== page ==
Insight & advice from the experts at Marshall & Sterling
Vacant properties are susceptible to undetected damages, such as fire, water damage, electrical explosions, wind or hail damage, and mold. In addition to extending coverage, there are some simple steps that owners of vacant property can take to limit their risk and liability.
As ransomware attacks continue to rise in both cost and frequency throughout the country, the federal government is urging businesses to take this evolving cyber threat seriously. The White House is recommending that businesses convene with their senior leadership teams to review their ransomware exposures and implement these top cybersecurity measures:
Fees for plan years that ended in 2020 are due by Monday, August 2, 2021 (as the normal July 31st deadline falls on a Saturday this year).
Every thunderstorm produces lightning, which is extremely dangerous. Though lightning fatalities have decreased over the past 30 years, lightning continues to be one of the top three storm-related killers in the United States.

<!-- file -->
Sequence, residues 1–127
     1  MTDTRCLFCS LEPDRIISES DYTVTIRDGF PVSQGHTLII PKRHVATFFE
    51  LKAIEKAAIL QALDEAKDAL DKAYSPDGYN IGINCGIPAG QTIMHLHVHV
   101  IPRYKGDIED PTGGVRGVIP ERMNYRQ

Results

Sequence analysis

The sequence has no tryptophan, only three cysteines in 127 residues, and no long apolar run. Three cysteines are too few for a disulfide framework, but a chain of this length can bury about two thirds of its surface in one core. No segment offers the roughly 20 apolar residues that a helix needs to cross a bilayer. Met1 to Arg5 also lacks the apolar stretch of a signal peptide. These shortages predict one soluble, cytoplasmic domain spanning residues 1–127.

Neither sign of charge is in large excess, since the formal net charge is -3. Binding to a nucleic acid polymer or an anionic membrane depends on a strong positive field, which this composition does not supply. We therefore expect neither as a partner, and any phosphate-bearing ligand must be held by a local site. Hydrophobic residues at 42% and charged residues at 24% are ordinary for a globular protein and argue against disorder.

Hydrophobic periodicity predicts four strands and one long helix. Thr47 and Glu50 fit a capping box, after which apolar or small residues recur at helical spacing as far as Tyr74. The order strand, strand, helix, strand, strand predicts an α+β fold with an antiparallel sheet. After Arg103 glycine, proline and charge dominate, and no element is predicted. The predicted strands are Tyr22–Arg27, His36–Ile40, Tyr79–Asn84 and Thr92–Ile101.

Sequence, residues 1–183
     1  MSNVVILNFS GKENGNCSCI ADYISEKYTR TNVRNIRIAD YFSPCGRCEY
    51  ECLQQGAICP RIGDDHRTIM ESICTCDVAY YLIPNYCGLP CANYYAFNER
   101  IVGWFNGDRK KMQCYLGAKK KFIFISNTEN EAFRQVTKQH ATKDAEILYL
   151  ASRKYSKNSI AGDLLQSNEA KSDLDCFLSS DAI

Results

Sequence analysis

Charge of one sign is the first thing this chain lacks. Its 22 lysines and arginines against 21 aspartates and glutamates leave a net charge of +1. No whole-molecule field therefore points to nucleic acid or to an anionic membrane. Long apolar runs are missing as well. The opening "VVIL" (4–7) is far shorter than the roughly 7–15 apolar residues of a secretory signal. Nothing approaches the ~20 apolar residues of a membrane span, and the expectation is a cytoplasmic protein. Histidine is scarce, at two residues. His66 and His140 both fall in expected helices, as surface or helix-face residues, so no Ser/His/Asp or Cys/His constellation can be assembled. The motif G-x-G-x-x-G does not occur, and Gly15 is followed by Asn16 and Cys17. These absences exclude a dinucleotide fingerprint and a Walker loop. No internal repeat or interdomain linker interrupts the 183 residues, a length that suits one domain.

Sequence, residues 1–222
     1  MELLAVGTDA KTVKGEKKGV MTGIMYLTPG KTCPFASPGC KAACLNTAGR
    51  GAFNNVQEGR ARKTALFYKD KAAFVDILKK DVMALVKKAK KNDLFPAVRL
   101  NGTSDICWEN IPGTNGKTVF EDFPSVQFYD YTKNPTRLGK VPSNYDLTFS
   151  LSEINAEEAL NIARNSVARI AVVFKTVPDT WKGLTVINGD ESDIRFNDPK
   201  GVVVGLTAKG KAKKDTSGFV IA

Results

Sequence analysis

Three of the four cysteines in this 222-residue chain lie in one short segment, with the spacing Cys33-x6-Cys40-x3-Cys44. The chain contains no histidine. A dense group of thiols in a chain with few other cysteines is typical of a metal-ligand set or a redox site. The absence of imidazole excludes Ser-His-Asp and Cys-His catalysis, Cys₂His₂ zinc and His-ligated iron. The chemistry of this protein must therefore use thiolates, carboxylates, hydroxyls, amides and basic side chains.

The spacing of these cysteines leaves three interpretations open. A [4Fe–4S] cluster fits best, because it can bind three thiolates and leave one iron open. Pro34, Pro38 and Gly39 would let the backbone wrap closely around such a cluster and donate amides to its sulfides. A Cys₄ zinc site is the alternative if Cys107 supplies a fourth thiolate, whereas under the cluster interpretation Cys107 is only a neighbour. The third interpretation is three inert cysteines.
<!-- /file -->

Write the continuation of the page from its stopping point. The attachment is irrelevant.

To remain safe while operating an ATV, practice the following safety tips:
Have you checked your generator lately? If not, now is the time! View these tips for generator safety, and where to buy or service a generator in St. Croix.
"I’m closing my business and want to cancel my insurance" Before you close everything down, please consider the following:
The surge in building material costs could pose coverage consequences for homeowners. Increased building material and construction prices may lead to higher homeowners insurance claim expenses, seeing as it would currently cost more to repair or rebuild a home following a loss. In light of these concerns, consider taking the following measures:
On May 18, 2021, the Internal Revenue Service (IRS) issued Notice 2021-31, providing important guidance to employers and plan administrators regarding implementation of the COBRA subsidy rules under the American Rescue Plan Act (ARPA).
On May 5, 2021, Governor Andrew Cuomo signed the New York Health and Essential Rights Act (“HERO Act” or “Act”) into law. The HERO Act is intended to prevent the spread of airborne infectious diseases in the workplace. The Act includes two distinct sections that apply to all New York private employers with at least one employee. Each section of the law has a distinct effective date.